"Number one, I had a lot of things against me -- I was Latina, and number two, I had a really bad accent because I could barely speak English," said Zoppi who holds a doctoral degree. "But one of the things that drove me was the slogan, 'be all that you can be' and the other was the NCOs (noncommissioned officers) who drove and taught me about confidence."
Zoppi, who was selected one of the top 100 women in Maryland in 2009, said she gained all the desire to succeed, but the opportunities weren't there.
"I told my grandpa that I wasn't getting opportunities and he said, 'then make the opportunity.' He said, that means if you knock on the door and the door doesn't open, either break down the door or go to a window and try that."
"Know thyself, because if you don't know yourself you can't lead," she said, also advising the audience to take a SWOT analysis (Strength, Weaknesses, Opportunities and Threats) and a Myers-Briggs personality test, then develop a plan of attack. "I want you to add fun, family, travel and take care of your health."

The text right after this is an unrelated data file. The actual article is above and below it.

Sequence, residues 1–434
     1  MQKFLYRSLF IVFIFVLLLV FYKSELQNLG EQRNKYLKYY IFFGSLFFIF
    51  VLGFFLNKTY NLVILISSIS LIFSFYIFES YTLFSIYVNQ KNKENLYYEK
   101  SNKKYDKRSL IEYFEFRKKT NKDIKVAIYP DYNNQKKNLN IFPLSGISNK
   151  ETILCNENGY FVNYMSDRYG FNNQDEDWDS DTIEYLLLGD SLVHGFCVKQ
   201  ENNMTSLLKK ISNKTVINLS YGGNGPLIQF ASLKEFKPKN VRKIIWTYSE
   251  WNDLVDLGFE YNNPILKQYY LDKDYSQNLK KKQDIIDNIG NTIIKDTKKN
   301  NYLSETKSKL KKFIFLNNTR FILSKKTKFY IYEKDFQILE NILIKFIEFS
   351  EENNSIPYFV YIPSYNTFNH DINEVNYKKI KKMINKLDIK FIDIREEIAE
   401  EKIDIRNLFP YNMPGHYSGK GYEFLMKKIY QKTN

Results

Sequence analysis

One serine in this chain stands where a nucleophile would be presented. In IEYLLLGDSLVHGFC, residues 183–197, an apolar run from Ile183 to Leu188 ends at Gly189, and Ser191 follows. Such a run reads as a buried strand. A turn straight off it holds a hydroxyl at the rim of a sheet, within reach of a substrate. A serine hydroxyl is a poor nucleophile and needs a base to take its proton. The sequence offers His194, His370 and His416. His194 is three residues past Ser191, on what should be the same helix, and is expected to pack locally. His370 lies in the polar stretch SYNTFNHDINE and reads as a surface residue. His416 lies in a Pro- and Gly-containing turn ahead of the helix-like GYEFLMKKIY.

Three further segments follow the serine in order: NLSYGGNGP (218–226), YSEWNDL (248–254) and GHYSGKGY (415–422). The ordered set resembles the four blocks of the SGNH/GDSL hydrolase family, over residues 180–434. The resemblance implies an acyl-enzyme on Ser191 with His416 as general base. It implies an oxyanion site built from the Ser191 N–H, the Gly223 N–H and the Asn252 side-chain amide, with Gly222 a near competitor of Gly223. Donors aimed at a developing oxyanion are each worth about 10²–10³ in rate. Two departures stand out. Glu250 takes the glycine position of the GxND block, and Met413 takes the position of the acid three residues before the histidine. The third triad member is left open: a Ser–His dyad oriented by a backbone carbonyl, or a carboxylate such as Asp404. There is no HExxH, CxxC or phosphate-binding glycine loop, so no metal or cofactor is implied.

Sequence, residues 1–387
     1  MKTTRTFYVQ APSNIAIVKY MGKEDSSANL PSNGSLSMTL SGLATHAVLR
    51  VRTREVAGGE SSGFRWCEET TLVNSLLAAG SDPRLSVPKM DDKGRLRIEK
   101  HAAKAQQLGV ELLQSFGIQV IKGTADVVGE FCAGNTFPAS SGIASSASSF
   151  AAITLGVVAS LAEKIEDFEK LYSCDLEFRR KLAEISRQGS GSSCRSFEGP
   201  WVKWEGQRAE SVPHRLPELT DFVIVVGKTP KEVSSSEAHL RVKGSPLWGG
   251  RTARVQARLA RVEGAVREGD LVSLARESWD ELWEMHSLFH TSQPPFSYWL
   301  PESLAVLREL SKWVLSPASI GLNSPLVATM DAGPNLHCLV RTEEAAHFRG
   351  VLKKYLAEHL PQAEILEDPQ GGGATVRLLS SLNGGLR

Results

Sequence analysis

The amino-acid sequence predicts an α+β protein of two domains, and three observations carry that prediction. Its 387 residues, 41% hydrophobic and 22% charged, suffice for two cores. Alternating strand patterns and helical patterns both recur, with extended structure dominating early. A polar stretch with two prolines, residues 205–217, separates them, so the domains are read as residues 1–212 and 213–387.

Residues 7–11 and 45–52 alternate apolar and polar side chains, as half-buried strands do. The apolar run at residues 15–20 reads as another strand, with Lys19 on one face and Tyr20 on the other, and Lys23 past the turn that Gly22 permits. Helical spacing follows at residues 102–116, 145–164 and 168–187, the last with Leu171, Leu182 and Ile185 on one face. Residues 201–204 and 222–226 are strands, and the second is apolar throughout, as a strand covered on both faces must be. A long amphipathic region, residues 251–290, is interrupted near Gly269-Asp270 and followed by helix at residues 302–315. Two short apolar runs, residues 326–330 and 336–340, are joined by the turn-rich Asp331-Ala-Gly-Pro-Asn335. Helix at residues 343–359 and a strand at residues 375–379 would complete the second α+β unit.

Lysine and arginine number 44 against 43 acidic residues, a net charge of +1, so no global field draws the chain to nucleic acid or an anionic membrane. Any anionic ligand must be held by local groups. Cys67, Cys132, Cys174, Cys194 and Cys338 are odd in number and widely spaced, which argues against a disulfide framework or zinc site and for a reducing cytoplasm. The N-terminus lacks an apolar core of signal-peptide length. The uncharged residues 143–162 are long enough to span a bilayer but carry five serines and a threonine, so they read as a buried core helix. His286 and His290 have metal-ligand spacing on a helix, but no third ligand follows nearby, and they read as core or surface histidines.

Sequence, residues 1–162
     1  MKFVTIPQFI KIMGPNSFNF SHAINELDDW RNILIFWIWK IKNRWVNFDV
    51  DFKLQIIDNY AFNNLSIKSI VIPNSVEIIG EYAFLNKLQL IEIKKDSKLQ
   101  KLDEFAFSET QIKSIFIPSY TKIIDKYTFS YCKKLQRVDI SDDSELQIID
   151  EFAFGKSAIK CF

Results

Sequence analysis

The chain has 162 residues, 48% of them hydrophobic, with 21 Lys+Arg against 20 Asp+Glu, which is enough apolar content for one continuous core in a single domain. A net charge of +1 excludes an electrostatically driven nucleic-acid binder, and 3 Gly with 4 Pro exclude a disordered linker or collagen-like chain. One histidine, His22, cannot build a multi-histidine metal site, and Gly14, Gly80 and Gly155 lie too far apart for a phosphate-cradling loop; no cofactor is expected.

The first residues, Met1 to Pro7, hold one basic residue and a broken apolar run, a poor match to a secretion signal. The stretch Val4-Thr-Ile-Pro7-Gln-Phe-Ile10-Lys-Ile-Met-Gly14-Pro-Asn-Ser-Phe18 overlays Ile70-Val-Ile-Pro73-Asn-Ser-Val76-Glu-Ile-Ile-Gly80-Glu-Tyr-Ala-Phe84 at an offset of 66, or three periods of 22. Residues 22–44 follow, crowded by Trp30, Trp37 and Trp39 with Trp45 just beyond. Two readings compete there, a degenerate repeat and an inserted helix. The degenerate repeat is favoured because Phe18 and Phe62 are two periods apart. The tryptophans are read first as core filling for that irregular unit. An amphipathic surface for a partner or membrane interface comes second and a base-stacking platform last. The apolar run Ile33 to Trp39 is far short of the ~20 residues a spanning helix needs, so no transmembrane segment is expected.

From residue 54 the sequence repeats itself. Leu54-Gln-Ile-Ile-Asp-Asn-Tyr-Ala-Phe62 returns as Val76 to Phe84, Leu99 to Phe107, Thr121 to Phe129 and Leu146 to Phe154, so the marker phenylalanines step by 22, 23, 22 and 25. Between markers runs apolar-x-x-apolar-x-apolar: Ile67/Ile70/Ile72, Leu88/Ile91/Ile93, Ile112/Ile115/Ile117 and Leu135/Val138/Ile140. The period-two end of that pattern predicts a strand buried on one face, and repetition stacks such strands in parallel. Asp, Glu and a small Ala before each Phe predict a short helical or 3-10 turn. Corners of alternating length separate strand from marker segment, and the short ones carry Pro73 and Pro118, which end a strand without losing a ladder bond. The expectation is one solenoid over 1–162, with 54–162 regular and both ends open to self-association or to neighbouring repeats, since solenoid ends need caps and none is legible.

MAKING A DIFFERENCE
"Hispanic and African-American women -- we were pretty much told while we were in high school that we were not college material," remembers Assistant Secretary of the Army (Financial Management & Comptroller) Mary S. Matiella, who also earned doctoral degree. "I've wanted to make a difference in the world ever since I was small watching my father show leadership -- I wanted to be like him."